Can anybody tell me the difference between the following two sentences:

He saw me talking to her.

He saw me talk to her.

Please let me know if both the statements are valid and grammatically correct. If valid, please explain the meaning of both the statements and what is the difference between the two.

3 Answers 3


These are complements of sense verbs (the first case discussed in this answer) and have a number of peculiarities. Of particular interest is the fact that the non-volitional sense verbs can take all four varieties of complement. Which includes gerund and infinitive complements, like these.

The difference between infinitive and gerund complements, "roughly speaking", according to McCawley, is that gerunds correspond to events, while infinitives correspond to situation types. There is minimal or no difference between the meanings of

  • He saw me talking to her.
  • He saw me talk to her.

because of facts about vision and conversation, and the usages of complements.

  • He saw me talking to her means he witnessed my conversational activity with her.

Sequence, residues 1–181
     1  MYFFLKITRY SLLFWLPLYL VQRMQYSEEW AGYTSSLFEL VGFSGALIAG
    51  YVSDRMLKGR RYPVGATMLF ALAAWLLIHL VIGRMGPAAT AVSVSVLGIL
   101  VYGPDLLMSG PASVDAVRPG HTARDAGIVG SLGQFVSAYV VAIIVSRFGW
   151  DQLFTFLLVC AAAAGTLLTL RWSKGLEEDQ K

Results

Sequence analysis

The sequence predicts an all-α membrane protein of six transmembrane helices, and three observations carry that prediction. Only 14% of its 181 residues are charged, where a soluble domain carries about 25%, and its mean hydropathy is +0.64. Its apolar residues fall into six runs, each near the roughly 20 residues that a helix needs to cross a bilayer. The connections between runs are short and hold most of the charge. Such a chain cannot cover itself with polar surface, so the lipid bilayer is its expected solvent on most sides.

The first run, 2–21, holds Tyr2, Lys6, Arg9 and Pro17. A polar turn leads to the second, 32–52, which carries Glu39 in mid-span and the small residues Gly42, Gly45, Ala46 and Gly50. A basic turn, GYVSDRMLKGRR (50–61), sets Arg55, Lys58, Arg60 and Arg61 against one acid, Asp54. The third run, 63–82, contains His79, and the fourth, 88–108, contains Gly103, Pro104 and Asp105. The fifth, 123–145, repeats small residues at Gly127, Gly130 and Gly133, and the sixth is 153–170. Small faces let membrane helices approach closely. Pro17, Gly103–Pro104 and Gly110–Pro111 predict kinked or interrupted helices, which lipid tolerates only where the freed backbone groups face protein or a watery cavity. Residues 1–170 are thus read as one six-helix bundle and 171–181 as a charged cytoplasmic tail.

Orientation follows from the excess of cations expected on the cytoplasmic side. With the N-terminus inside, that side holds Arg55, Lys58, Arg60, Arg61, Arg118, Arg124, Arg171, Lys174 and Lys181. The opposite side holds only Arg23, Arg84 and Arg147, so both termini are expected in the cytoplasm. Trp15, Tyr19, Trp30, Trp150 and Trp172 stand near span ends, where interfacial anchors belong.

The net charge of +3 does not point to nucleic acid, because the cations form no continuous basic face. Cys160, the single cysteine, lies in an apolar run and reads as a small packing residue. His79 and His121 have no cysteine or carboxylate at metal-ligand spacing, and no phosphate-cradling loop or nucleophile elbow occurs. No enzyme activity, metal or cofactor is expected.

• He saw me talk to her means he knows that I talked to her because he witnessed the event.

In other words, if he saw one, he saw the other. This is not necessarily true for all predicates;
i.e, He saw me running the marathon does not necessarily mean He saw me run the marathon.


Although both are correct, there is a slight difference in meaning.

The first implies that he saw part of the conversation, while the second is more likely to imply that he saw the whole conversation take place.

  • Good eye. I think they can be synonymous, but in certain contexts there does seem to be room for differentiation.
    – GetzelR
    Commented Jul 30, 2013 at 13:25

Both are grammatically correct and mean the same. The only difference is, the first sentence is more commonly used than the second.


Your Answer

By clicking “Post Your Answer”, you agree to our terms of service and acknowledge you have read our privacy policy.

Not the answer you're looking for? Browse other questions tagged or ask your own question.